The Connection between Football and CTE: The Story of Aaron Hernandez
- First: confusion, dizziness, ADHD, and headaches
- Second: memory loss, impulsive behavior, and poor judgment
- Third and Fourth: progressive dementia, movement disorders, speech impediments, vertigo, tremors, depression, and suicidality
Four years ago, Aaron signed a $40 million contract with the Patriots, with dreams of becoming a superstar. But after just 10 months, Aaron was convicted of murdering his friend, and during that case, he was accused of two other 2012 murders. Even though he was acquitted for the 2012 murders, Aaron committed suicide while serving a life sentence for the other murder.
People with CTE have difficulty controlling aggression and impulses, have severe mood swings, and lapses in judgment. Could Aaron’s history of violence be the result CTE?
Aaron’s attorney Jose Baez filed a complaint in U.S. District Court on behalf of the former player’s 4-year-old daughter, Avielle. The lawsuit, which seeks $20 million in damages, states that because of the NFL and the Patriots’ conduct, Avielle was “deprived of the love, affection, society and companionship of her father while he was alive.” The lawsuit does not link Hernandez’s crimes with the disease, but it does state he “succumbed to the symptoms of CTE and committed suicide.” The NFL plans to fight this lawsuit.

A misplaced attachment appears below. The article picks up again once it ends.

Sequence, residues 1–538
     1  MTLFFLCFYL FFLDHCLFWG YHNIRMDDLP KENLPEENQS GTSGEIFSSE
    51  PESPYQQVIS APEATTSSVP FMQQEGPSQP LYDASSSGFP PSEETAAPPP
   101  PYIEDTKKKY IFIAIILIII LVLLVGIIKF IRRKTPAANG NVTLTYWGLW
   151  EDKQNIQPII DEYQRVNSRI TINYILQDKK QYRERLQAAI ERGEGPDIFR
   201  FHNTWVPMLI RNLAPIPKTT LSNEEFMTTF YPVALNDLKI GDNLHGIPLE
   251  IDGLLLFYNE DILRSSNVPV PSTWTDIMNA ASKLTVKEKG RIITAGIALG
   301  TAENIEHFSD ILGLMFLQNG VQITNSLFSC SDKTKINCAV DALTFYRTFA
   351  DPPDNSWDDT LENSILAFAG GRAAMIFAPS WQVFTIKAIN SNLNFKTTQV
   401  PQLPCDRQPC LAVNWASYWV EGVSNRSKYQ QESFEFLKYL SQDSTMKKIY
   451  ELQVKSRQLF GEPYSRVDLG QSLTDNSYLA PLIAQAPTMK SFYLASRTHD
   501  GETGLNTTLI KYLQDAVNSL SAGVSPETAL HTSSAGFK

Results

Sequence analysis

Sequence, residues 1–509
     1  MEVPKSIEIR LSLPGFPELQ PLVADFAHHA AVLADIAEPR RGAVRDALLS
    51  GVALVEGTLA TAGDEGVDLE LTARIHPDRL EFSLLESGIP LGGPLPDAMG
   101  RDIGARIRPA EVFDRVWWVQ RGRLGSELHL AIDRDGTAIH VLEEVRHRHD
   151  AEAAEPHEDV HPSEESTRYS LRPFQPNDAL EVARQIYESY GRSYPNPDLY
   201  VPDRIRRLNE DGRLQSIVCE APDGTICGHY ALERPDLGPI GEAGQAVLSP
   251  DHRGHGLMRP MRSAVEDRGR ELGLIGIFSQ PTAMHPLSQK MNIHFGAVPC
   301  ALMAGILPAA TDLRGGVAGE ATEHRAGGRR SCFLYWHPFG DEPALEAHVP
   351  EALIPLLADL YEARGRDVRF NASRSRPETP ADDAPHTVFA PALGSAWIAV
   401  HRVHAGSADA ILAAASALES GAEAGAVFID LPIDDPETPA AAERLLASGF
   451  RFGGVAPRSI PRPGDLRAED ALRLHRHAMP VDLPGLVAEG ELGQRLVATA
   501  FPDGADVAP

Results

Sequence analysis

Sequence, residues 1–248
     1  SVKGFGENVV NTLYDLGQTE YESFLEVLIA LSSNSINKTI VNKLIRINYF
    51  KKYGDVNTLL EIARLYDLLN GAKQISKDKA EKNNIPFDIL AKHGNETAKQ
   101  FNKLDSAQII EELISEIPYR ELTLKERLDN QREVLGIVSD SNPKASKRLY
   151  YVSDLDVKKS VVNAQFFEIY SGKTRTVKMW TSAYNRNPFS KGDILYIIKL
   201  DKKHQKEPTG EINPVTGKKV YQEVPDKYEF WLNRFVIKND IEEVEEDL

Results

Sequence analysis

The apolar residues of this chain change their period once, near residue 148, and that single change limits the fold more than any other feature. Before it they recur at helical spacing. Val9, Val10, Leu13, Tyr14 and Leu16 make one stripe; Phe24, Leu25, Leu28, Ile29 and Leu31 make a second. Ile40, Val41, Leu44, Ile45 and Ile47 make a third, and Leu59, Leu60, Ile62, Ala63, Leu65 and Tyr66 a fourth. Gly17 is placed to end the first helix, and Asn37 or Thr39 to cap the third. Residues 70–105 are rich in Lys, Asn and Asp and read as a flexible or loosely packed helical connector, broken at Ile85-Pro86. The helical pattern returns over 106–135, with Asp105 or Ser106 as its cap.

Currently, CTE can only be confirmed after death. However, this case brings to light the urgency with which accurate brain injury testing needs to be performed in living people.
Mez, J., Daneshvar, D. H., Kiernan, P. T., Abdolmohammadi, B., Alvarez, V. E., Huber, B. R., … & Cormier, K. A. (2017). Clinicopathological evaluation of chronic traumatic encephalopathy in players of American football. Jama, 318(4), 360-370.